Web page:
The best boxing workout to prepare for a fight

Boxing workouts are a great way to develop quick reflexes and steady balance. The explosive and dynamic nature of boxing requires the athlete to always be ready, and move at a split seconds notice.  These are skills that translate well into any other combat sport and can improve your overall athleticism.

Doing it for the ‘gram….

By now we’re all familiar with the standard boxing workouts. The skipping rope, the heavy bag and hitting pads etc. These are all drills that we see most commonly (and look great) on social media. After all, who doesn’t love a fancy Floyd Mayweather style 50 punch combination on the pads?

Less commonly seen on Instagram/Tik Tok are partner drills that hone a boxers timing and range. These are two attributes that can be the difference between a boxer who looks great on social media and a boxer who can actually land punches on a moving opponent, effectively using their positioning, timing and precision. While these partner drills may not seem as glamorous on an iPhone screen, they will set you apart from the wannabe boxer’s doing it for the ‘Gram.

Sparring but not

It’s common knowledge, the best way to get good at boxing is a workout called…you guessed it, ‘sparring’. While sparring is the closest simulation you’ll get to an actual boxing match, going full blast every training session is not sustainable (for obvious reasons).

Instead of going to war with your training partners everyday, there are alternative drills that you can do. While they’re not 100% identical to sparring, they do manage to replicate the movement and range required to evade and land shots on a moving opponent. They’re very simple and require no equipment, just a willing participant to drill with.

tag, you’re it

Boxing is a game of ‘Hit and don’t get hit’. It’s no mystery that the best way to do this is to lace the gloves up and get as many rounds of sparring in as possible. James Toney famously sparred hundreds of rounds leading up to a fight, clocking 12-15 rounds daily. While these numbers are exceptional, most of us aren’t elite boxers with incredible defensive prowess. It’s for this reason that it’s not sustainable for most fighter’s to do this amount of sparring. Therefore, it’s a good idea to find other ways to simulate sparring as close as possible without the repeated head shots.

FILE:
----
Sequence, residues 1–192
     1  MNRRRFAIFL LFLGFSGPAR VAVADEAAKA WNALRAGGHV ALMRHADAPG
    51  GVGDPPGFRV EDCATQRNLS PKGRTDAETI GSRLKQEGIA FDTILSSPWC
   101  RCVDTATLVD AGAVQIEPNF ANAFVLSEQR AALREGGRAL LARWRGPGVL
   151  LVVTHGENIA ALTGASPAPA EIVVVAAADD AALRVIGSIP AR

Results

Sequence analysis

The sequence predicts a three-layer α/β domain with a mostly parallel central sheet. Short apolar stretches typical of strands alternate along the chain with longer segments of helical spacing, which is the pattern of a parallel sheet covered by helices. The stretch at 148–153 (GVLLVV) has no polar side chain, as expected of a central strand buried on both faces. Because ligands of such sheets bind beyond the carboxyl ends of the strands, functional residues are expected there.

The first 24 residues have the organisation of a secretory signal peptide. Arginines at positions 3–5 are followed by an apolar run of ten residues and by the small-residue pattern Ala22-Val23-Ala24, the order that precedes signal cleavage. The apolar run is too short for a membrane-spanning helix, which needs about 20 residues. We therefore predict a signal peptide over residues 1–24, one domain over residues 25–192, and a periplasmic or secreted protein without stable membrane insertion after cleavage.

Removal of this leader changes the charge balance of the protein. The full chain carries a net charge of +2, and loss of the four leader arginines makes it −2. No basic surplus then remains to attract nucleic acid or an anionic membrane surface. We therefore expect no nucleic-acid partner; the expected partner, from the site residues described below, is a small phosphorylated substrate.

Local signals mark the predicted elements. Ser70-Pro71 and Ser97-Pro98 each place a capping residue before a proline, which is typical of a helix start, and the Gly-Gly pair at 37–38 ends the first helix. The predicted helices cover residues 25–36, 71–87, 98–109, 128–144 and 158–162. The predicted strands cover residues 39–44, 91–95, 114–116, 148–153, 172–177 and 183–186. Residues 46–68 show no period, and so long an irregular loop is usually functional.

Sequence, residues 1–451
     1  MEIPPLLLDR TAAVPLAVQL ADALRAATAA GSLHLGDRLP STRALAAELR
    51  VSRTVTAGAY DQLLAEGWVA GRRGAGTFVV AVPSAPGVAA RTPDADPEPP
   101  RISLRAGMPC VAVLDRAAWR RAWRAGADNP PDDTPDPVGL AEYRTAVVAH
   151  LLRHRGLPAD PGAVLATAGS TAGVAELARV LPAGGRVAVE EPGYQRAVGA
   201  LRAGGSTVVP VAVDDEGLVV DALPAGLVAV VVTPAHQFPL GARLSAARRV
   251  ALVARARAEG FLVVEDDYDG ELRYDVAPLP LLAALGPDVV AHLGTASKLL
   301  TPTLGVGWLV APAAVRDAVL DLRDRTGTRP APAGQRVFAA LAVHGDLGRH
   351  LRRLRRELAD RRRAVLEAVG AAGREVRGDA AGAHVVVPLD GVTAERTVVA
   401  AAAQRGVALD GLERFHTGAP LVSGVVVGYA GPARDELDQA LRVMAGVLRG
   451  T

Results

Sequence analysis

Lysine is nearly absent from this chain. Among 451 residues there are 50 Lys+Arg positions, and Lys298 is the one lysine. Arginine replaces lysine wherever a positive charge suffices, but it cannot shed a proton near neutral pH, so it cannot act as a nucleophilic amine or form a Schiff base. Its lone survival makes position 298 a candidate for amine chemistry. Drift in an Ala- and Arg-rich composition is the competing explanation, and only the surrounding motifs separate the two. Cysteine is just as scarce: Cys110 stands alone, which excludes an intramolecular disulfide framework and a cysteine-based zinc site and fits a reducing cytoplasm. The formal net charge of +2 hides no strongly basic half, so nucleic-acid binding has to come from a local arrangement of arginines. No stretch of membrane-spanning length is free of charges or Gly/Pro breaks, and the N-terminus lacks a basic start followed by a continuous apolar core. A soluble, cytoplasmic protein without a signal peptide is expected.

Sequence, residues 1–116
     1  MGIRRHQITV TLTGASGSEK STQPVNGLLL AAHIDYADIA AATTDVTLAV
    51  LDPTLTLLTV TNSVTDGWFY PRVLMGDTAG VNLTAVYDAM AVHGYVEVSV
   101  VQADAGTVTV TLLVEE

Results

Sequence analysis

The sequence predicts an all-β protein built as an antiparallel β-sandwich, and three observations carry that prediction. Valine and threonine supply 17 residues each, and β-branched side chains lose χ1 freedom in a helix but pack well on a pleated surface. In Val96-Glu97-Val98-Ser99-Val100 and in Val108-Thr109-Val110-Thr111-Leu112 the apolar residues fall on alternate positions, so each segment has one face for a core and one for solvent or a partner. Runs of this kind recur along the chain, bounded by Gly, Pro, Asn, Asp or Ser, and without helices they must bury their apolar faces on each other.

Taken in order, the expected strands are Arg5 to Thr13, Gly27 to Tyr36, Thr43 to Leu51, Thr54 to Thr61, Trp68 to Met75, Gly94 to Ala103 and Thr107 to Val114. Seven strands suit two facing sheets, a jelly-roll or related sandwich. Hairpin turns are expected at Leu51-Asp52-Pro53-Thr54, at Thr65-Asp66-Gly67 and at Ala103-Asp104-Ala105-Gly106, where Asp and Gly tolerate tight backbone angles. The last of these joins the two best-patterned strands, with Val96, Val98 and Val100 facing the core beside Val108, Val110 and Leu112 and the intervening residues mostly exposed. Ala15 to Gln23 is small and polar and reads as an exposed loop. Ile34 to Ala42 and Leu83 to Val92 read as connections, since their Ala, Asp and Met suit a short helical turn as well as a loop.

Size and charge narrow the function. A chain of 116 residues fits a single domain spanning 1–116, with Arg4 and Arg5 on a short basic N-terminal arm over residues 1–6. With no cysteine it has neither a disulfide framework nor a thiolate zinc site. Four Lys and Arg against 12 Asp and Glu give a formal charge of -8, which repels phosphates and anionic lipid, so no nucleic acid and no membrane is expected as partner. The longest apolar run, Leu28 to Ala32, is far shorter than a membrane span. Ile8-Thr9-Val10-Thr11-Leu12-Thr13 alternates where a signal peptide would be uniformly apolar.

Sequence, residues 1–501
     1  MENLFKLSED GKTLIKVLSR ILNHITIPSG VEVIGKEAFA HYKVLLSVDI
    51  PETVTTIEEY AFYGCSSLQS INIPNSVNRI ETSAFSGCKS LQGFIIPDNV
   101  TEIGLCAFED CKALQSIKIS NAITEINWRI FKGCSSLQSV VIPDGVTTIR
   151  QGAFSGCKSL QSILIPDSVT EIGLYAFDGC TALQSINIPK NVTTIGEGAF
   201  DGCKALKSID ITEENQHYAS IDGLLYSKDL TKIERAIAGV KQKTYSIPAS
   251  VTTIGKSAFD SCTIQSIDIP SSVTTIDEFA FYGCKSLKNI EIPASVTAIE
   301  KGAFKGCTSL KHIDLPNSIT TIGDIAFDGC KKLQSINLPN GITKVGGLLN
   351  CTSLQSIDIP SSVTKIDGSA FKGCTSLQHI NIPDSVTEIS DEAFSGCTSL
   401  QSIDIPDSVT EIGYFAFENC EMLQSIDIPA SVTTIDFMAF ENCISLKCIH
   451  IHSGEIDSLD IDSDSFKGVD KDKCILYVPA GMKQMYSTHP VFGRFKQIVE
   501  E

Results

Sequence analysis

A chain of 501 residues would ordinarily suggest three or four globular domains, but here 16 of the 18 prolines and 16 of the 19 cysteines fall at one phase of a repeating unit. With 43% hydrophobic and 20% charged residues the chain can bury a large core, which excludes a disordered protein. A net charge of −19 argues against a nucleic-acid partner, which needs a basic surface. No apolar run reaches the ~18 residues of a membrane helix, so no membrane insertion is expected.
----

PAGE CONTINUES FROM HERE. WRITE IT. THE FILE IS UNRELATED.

‘Tag boxing’ or ‘Knee and Shoulder Tag’ is a great alternative to sparring that simulates the same range and timing that sparring demands. In this drill, the goal is to tag your partner’s shoulders and knees while avoid having your own shoulders and knees tagged. This is a great drill that can trigger the same instincts as sparring while limiting head contact, making it sustainable to practice daily. We recommend wearing your boxing gloves for this drill to protect against accidental eye pokes.

Body Sparring

Another great way to get your sparring in without head contact is Body Sparring. This workout is used in boxing gyms all around the world. It effectively works the close range combat techniques while also conditioning the body and arms. Much like sparring, fighters will try to land shots on their partner, only in this drill, punches are limited to the body. This forces the fighters to look for holes in their partners defence with effective setups and counter punching, while keeping their own defense tight.

Put it together

And finally, ‘Shoulder and Body Sparring’ is a drill that combines the best of both worlds. Shoulder and body sparring is exactly what it sounds like. You and your partner will try to punch each other on the shoulders and body. It’s pretty much sparring, except the any shot that you would normally aim at the head, you will now guide towards the shoulders.

This drill is great for practicing your full range of punches with the added intensity of sparring. You’ll get the benefit of body conditioning and hone your footwork to maximise your angles to land your complete arsenal of punches.

Practice makes progress

It’s ever so tempting to do mostly the glamorous workouts in your boxing sessions. But it’s the simulated sparring drills against a resisting opponent that will have your timing and precision dialed in. These are the drills that will serve you best if your goals are to fight and win titles. We’re not going to sugar coat it. You’ll have good days and bad days doing these drills. However if you keep practicing these drills with your training partners, along with your schedule sparring sessions, you’ll know that you’ve done the extras to be well prepared for your next match.